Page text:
II Timothy 3:1-5 contains 19 characteristics of carnality. The common denominator is self-absorption and pride, placing the self above others.
John Ritenbaugh, continuing his exposition of Ecclesiastes as he focuses on a paradox which initially provides a measure of grief and anguish to believers, the paradox which shows an unrighteous man flourishing and a righteous man suffering, points us to t. . .
In this sermon on the deadly consequences of pride, John Ritenbaugh warns that pride elevates one above God, denigrating any dependence upon God, replacing it with insidious self-idolatry. Pride is entirely about disrespect (of God, other people, tradition. . .
John Ritenbaugh teaches that pride is the basis of resistance against God while humility is the vital key of forming a relationship with God. Pride is the father of all other sins and always leads to the production of the more easily recognizable sins. Pri. . .
Christ endured many more than three temptations; rather, He was tested continuously, and perhaps the intensity increased as He neared the end of His life.
John Reid observes that many people live in a state of discontent. Ironically, what they set their hearts upon (wealth, power, influence) often displaces the love for family and a relationship with God. True riches consist of godly character coupled with c. . .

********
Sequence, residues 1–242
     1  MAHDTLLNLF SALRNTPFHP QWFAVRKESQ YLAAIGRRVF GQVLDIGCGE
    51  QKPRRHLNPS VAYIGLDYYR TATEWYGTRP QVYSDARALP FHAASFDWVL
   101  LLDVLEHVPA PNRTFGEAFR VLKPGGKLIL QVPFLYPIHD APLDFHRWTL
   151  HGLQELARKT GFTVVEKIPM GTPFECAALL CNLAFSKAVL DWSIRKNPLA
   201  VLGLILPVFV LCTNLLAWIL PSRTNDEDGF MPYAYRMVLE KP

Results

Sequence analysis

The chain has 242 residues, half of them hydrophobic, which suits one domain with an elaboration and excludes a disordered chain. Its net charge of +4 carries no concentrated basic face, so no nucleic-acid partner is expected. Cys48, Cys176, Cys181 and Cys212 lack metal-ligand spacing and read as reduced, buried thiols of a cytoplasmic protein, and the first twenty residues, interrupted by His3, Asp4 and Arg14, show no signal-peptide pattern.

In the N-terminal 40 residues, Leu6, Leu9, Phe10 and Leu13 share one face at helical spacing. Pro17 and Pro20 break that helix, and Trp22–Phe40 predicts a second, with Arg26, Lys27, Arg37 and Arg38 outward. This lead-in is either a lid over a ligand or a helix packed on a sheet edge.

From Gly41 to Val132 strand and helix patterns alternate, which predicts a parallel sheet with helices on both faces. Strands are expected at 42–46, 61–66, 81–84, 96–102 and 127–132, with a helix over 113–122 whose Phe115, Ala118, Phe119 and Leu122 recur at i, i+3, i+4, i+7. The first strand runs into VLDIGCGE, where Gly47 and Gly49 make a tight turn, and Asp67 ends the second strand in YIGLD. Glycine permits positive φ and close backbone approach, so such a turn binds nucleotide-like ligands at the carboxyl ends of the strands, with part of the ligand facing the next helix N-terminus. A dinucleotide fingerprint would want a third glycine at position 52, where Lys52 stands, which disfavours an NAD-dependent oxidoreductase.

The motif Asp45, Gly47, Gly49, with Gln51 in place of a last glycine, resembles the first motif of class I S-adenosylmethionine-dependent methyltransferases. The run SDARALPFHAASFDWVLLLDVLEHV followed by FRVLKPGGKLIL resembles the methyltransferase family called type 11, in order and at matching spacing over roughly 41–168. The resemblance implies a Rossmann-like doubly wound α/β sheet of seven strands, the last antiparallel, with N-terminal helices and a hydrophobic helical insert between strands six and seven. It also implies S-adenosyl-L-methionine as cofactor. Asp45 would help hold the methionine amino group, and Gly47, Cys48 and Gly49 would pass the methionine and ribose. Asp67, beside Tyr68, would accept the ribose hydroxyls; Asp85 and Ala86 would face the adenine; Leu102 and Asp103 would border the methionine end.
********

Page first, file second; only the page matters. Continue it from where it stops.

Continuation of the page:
John Ritenbaugh again stresses that prayer is not a dictating to a reluctant God, but instead a manifestation of our attitude of dependence and need. Prayer is a tool or means we use to get into harmony with God's will, surrendering to His purpose for us i. . .
John Ritenbaugh, reflecting on the unpleasant prospect of overhearing hurtful gossip about us from someone we have trusted, observes that, in all likelihood, our tongue has been just as detrimental against someone who may have trusted us. What goes around . . .
John Ritenbaugh declares that the holy days are reliable, effective, multifaceted teaching tools, emphasizing spaced repetition to reinforce our faulty memories and drive the lesson deep into our thinking. The most effective learning involves drills or exe. . .
Richard Ritenbaugh, while acknowledging that America's relationship with slavery has indeed been checkered, with chattel slaves and indentured servants contributing to the prosperity of earlier times, counters the 'Progressivist' claim that America invente. . .
Confusion and separation have been man's legacy since Eden. Christ is working to put an end to division, enabling us to be one with the Father and each other.
The letter to Laodicea (Revelation 3:14-21), the Parable of the Faithful and Evil Servants (Luke 12:35-40), and the fifth chapter of the Song of Songs all picture Jesus Christ standing behind a door, waiting for His people to respond. ...
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